The Bavarian Senate (German Bayerischer Senat) was the corporative upper chamber of Bavaria's parliamentary system from 1946 to 1999, when it was abolished by a popular vote (referendum) changing the Constitution of Bavaria.
The 60 members of the Senate had to be at least 40 years of age and could not be a member of the Landtag (the other and more important chamber of the Bavarian parliament). Every other year, a third of the Senate's members would be elected by corporations representing social, economic, municipal or cultural groups or appointed by religious denominations for a term of six years. The number of seats representing each group was fixed by the constitution of Bavaria:
The Senate's main role was consulting other state institutions and delivering legal opinion. It also had the power to delay state legislation passed by the Landtag within a month (one week for urgent acts). However, the Landtag could overturn the veto by a simple majority, the same majority required to pass a law in the first place.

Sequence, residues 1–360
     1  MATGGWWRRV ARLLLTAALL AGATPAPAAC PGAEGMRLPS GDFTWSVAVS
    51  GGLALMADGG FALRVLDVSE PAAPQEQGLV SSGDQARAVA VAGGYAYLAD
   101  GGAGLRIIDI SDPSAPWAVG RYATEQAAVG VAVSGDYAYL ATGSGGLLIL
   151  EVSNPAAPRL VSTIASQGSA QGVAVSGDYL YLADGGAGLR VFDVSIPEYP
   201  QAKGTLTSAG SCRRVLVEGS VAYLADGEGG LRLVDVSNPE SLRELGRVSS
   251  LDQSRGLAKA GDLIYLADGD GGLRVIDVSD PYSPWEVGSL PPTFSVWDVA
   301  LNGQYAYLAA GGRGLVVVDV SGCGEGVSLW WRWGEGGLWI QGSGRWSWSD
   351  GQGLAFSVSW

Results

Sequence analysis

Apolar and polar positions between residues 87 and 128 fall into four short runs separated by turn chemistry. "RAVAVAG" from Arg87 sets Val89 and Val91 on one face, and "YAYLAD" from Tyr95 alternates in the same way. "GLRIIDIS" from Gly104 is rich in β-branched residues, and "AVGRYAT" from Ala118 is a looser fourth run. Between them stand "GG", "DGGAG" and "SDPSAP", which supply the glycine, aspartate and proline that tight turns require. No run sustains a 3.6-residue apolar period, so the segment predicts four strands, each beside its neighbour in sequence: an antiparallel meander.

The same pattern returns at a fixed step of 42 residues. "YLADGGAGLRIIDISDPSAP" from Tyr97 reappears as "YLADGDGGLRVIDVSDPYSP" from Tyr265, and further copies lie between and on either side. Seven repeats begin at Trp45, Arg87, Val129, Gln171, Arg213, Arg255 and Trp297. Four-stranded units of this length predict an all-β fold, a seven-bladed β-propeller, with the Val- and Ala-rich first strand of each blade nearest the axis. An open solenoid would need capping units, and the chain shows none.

In June 1997, a popular initiative petition sponsored by the Ecological Democratic Party gained 927,047 signatures (10.5% of those entitled to vote). In the following referendum on 8 February 1998, which yielded a turnout of 39.9%, a majority of 69.2% voted for the law amending the State Constitution to abolish the Senate. A counter-proposal by the ruling Christian Social Union, which would have changed the composition of the Senate, only received 23.6%.